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Fred931's avatar

What is the best "engine" for a power tool drag racer?

Asked by Fred931 (9409points) October 4th, 2010

My engineering class’s project this year is to create a power tool drag racer from scratch and we have to go get our own tools as well. A drill won’t have enough speed, but a Dremel tool won’t have enough power, either. I don’t know of much else we could use since I’m no power tool expert, so is there anything that can give out a fair balance of speed and torque?

There isn’t really a budget here, but be sensible; I won’t pay $500 for something I’ll use once. It also has to be a corded device because of how the “race” works.

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8 Answers

Tropical_Willie's avatar

@Fred931 How about this it has ⅓ horse and 22,000 RPM.

funkdaddy's avatar

About how much will the whole thing weigh? You may not know exactly at this point, but for example will it have a driver? Will you be using a certain size/weight of wheel and tire? Are there any constraints?

Russell_D_SpacePoet's avatar

Get a belt sander. Hand held one.

YoBob's avatar

You should be more concerned with power rather than speed. You can add a gear box that will take a powerful low rpm motor and spin a wheel at a higher RPM. However, a high RPM motor won’t do you much good if it doesn’t have enough torque to handle the load you want to put on it.

CMaz's avatar

Yes, belt sander all the way.

Fred931's avatar

I was in a tight situation when I posted this, so I didn’t have time to add that the vehicle has to ride on any number of wheels and the power tool must transport power to any combination of the wheels through a gear-, belt-, or chain-driven system (or anything else that will work).

I was overexaggerating when I said my budget was $500; it’s more like $100, @Tropical_Willie.

I really like the belt sander idea, but I can’t just extend axles out from the two cylinders and call it a day because of the required development of a drivetrain. I could definitely take the motor out if it has plenty of torque, but so does a drill, and I could gear the speed on a drill up at least 1:3, depending on how big the gears can be to still fit in the vehicle. How does using gears to increase the speed on a motor affect the torque?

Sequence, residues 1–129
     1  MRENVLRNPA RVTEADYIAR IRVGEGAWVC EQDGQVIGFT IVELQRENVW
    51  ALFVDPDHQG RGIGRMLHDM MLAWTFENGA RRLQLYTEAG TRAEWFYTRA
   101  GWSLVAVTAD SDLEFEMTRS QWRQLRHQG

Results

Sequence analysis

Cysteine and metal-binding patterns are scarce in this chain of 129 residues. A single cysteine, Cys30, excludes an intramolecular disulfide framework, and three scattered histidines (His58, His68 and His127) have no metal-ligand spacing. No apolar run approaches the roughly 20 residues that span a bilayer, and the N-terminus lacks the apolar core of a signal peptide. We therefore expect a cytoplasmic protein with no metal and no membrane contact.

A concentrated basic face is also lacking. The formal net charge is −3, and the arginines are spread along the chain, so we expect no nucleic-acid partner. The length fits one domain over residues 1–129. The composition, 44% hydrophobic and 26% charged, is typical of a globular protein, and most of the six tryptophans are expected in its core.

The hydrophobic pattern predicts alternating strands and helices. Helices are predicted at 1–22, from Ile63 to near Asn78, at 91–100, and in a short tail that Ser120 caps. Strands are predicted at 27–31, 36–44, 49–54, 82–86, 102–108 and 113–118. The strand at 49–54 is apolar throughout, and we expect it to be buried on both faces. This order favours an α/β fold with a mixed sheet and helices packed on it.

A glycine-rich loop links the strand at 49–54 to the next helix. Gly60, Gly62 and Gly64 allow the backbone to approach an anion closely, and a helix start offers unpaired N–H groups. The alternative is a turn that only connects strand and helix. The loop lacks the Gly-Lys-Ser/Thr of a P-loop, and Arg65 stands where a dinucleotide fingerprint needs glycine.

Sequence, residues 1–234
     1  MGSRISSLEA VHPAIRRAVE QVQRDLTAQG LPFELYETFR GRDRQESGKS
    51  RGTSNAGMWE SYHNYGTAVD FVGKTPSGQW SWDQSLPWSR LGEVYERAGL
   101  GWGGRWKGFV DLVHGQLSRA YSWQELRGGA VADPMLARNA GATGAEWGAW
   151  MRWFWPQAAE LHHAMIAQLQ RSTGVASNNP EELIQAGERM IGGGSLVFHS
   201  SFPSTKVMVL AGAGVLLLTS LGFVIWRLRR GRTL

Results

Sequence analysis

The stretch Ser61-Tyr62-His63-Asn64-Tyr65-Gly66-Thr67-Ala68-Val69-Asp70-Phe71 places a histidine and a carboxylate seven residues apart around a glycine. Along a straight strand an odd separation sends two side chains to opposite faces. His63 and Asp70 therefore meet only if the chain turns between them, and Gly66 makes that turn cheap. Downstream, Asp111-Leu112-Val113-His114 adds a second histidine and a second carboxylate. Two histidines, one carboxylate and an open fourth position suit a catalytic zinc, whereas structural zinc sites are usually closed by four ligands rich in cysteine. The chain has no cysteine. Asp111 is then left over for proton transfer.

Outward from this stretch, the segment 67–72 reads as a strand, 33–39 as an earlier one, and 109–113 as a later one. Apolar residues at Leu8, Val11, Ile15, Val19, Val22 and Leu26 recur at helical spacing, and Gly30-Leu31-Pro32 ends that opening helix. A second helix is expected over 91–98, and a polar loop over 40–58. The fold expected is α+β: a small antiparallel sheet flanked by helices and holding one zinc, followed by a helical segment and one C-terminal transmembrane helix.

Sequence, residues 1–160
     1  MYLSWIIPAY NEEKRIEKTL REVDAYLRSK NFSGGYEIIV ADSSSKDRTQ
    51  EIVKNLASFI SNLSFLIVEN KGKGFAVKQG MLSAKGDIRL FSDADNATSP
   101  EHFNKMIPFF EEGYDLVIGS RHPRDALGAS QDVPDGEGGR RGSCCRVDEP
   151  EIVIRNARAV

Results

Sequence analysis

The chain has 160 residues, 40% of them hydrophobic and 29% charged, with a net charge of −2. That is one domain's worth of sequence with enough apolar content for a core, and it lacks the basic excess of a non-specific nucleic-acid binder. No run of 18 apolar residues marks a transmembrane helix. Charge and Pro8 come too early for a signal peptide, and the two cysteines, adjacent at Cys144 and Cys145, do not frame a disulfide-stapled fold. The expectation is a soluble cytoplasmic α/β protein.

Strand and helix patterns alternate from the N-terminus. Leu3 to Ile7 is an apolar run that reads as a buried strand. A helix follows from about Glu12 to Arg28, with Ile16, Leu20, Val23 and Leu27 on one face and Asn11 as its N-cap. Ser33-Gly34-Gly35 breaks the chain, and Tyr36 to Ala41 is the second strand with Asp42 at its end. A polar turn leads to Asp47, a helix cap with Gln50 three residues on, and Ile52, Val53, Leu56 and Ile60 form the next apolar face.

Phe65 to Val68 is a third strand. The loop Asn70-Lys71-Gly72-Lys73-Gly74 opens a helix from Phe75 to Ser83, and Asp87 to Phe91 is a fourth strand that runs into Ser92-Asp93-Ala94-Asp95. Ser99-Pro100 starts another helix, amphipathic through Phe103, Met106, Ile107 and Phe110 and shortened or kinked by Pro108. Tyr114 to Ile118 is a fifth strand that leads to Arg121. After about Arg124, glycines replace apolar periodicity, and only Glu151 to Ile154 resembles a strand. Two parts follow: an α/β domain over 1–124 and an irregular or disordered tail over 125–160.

marymaryquitecontrary's avatar

This sounds like a rather sick and dangerous project of questionable educational value. Since students can pick their own tools, the effort goes into picking rather than actual engineering. A much better project would be for each student to receive an identical spring-mousetrap and use that as the energy source for a car. Then we can compare enineering solutions, not shopping skills.
But anyway, my choice would be a circular saw. With a coarse blade still in place, it will careen across the floor at high speed, ripping up the floor tiles as it goes. Dangerous as hell, but hey, that’s the assignment, and if there’s no specific objection to ruining the floor, it’s fair game.

Fred931's avatar

@marymaryquitecontrary
Remember, the power tool’s “ligaments” can’t be touching the wood-built thingamabob; only wheels. Power has to be transmitted to those wheels through a student-designed drivetrain. Everything done has to be thought through in a design process and B.O.M. There really is educational value in this project. My teacher is a rather sick and dangerous one, but he teaches a mean physics class. Which I’m not a part of. Thank goodness.~

I’m edging towards a handheld drill, because I know that’s a very high-torque motor and I can gear it to a higher speed, and if original torque is better than original speed, then that’s pretty much the end of it.

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